Liz Bell with Liam Durkin and Julianne Langshaw
CONSUMERS who embraced the ‘shop local’ message this Christmas have helped traders enjoy a bumper December after a year of disaster.
Many Wellington Shire retailers have reported record sales during the past few weeks, with most far exceeding expectations.
Sale Business and Tourism Association president, Julian McIvor, said the weeks leading up to Christmas had been “buoyant”, and the overall feedback from traders was positive.
“We really pushed the ‘shop local’ message, but to be honest I think the community had already banded together after COVID and people were determined to shop locally,” he said.
Mr McIvor said sales began to pick up after lockdown as soon as the ‘ring of steel’ out of Melbourne was lifted, and gradually increased right up until Christmas.
“In the past few weeks we have felt the vibe in town – the streets have been busy and the cafés have been busy, and I think more people coming through Gippsland have stopped off in Sale than in previous years,” he said.
After years of trying to push the ‘shop local’ message at a corporate level, Mr McIvor said some of the region’s bigger buyers such as Esso, Central Gippsland Health and the Fulham Correctional Centre enthusiastically came on board this year, to the delight of local traders.
“It’s great to see that community loyalty and support,” he said.
Record voucher sales are testament to the success of the shop local campaign, with the SBTA selling almost $50,000 in vouchers in the lead up to Christmas.
And it’s not just Sale that has welcomed the resurgence of street shopping.
Stratford retailers Brenda and Ray Wathall said the Christmas period had been “hectic” and their best ever in years of trading, with sales up close to 500 per cent on last year.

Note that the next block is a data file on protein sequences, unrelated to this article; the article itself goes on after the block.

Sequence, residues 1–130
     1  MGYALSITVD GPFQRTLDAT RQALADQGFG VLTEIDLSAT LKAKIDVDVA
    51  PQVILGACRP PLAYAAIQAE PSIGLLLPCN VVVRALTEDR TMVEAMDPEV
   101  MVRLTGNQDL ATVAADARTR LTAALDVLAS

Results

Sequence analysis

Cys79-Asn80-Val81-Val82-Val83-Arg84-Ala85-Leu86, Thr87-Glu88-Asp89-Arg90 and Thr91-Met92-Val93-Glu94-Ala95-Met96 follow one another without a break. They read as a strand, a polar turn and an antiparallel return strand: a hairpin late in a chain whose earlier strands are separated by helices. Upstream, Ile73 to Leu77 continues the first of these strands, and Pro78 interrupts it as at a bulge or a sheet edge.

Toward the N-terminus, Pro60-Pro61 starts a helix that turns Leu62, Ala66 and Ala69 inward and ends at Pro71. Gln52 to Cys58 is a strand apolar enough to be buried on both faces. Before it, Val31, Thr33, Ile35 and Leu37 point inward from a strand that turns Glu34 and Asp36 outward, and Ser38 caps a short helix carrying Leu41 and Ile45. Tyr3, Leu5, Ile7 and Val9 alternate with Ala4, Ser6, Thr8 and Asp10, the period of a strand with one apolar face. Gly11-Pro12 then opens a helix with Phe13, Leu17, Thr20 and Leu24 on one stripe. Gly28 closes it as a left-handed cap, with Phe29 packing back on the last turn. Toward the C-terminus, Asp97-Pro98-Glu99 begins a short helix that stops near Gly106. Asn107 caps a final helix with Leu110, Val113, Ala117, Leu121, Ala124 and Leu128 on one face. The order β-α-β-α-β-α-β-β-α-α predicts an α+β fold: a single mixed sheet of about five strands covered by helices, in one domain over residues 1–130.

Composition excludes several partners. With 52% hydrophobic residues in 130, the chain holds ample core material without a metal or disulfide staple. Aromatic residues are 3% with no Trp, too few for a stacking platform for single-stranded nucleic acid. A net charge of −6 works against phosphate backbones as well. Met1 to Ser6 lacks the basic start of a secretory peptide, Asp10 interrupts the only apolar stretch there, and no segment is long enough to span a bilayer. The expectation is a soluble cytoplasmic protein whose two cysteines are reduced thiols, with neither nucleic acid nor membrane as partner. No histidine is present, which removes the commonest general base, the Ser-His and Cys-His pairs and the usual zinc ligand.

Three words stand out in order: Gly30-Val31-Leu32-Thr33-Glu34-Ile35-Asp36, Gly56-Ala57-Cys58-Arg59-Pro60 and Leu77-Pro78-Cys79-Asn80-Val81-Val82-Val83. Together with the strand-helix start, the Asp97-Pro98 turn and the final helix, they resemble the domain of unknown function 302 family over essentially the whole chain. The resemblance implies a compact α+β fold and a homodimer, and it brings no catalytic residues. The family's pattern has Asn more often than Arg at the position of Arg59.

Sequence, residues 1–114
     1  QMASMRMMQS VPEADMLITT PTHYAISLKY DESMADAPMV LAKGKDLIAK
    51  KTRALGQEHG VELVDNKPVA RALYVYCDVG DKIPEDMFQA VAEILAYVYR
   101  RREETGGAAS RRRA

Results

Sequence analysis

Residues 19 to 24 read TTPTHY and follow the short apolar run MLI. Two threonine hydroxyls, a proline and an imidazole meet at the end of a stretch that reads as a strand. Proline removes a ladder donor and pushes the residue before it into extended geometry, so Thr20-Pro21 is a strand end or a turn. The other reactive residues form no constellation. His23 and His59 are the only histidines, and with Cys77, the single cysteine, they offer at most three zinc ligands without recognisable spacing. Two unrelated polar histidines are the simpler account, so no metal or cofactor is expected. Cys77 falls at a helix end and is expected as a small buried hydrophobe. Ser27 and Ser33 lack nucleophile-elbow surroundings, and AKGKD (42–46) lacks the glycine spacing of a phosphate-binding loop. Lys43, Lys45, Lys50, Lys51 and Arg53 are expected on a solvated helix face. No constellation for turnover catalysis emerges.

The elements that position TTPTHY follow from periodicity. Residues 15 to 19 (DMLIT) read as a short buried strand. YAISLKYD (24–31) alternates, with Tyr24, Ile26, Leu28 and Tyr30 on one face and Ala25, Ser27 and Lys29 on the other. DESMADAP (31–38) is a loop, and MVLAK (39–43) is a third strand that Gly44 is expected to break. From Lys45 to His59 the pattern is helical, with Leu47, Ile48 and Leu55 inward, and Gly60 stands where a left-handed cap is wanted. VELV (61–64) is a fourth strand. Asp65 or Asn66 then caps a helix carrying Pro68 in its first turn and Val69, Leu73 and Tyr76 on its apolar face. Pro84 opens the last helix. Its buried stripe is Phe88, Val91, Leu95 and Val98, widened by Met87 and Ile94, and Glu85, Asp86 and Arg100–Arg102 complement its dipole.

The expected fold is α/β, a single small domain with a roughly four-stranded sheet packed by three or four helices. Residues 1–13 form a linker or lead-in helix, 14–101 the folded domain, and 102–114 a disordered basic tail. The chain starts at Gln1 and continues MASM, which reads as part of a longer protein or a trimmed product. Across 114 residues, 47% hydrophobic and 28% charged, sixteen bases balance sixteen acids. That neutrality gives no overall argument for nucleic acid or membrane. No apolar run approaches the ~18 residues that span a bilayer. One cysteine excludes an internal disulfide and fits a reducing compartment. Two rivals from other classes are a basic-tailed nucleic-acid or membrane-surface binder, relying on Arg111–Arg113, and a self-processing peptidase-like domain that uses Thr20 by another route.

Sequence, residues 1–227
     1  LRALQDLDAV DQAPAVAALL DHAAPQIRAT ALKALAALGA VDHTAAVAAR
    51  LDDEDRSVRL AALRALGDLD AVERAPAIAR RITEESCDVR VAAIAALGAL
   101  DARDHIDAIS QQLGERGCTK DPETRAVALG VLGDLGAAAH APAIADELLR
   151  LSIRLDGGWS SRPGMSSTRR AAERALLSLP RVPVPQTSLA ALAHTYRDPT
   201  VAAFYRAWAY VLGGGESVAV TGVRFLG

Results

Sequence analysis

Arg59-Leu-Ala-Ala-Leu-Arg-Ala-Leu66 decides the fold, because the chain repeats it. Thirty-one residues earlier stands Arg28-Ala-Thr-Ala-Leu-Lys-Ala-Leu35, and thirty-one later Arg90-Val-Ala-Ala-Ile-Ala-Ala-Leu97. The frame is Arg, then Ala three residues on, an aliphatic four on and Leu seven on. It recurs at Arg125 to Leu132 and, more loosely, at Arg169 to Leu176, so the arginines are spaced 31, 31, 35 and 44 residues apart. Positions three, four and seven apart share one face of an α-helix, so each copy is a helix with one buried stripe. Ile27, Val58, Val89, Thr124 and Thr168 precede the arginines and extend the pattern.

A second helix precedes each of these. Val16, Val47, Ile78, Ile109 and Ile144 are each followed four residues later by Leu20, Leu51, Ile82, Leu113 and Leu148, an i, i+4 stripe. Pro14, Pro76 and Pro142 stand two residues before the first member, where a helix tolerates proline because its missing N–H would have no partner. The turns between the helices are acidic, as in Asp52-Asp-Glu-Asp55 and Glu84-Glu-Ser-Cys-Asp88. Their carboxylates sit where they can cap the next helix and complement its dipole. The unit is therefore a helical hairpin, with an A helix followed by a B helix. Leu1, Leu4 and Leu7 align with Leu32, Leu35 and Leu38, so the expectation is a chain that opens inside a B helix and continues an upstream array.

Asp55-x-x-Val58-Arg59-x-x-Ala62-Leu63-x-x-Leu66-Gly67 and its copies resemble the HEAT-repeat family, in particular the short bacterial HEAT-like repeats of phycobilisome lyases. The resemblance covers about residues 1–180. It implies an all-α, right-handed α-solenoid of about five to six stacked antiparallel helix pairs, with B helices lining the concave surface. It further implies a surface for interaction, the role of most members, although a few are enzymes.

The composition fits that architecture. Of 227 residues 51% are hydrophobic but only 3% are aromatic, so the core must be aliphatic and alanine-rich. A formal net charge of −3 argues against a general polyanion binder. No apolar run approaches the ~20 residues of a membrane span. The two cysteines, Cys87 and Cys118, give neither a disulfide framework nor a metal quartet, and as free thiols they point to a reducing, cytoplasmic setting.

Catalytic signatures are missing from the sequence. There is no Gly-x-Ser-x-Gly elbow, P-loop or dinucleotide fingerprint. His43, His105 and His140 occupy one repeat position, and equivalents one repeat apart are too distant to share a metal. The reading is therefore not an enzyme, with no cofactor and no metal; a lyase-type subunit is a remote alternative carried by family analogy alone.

“Around the second week of December it really started jumping, but it’s been pretty constant,” Mr Wathall said.
While online orders from as far as Queensland have also added to the promising sales figures, Ray and Brenda feel the messages to buy local have been heard.
Retailers in Maffra are smiling too, after steady pre-Christmas sales.
Maffra Business and Tourism Association president, Marcus Stobie, said feedback confirmed shoppers were less inclined to travel to Melbourne to shop this year, and many had shunned online sales sites in favour of spending locally and buying gift vouchers.
“I think everyone around here in a core retail business has had a better year than they first expected – there are shoppers out there with more money in their pockets after not being able to spend much this year, people are staying home instead of going away, and I think the success of the farming community this year has had a flow-on affect to the community, so it’s pretty positive,” he said.
“I don’t know what things will be like once things get back to ‘normal’ in March, but fingers crossed.”
A steady stream of foot traffic entered Collins Booksellers, Sale, on Christmas Eve.
It was all hands on deck as shoppers rushed in to grab last minute gifts and stocking fillers.
Proprietor Natasha Hunt reported solid business in the three or so weeks leading into Christmas, saying books had stood the test of time as tangible gifts.
Hardbacks were again a popular choice, with the autobiography of recently-retired AFL superstar Gary Ablett Junior disappearing off the shelf.
Nancy Morgan, who this year again sold Christmas trees and stands from her former Raglan Gardens Nursery premises in Sale, was hoping people would want to bring lots of Christmas cheer into a difficult year – and she was right.
She sold more trees than usual and ran out of Christmas tree stands, with people from as far afield as Melbourne, the Latrobe Valley and Dargo dropping in to buy.
“It has been great,” she said.
“The folks have all been so happy and positive.
“It definitely has not been like working – it was more like a four-week party.
“One little toddler brought his plastic chainsaw and ‘pruned’ the trees – a photo I will always keep.”